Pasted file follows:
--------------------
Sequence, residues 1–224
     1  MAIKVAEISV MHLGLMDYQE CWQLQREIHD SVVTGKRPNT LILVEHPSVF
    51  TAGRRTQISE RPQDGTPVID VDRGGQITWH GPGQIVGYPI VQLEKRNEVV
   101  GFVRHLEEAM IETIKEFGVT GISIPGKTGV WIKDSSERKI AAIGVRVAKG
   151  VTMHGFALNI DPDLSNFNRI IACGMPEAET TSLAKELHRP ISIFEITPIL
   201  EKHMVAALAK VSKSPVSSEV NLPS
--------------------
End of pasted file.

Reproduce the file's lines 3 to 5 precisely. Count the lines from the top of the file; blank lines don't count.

    51  TAGRRTQISE RPQDGTPVID VDRGGQITWH GPGQIVGYPI VQLEKRNEVV
   101  GFVRHLEEAM IETIKEFGVT GISIPGKTGV WIKDSSERKI AAIGVRVAKG
   151  VTMHGFALNI DPDLSNFNRI IACGMPEAET TSLAKELHRP ISIFEITPIL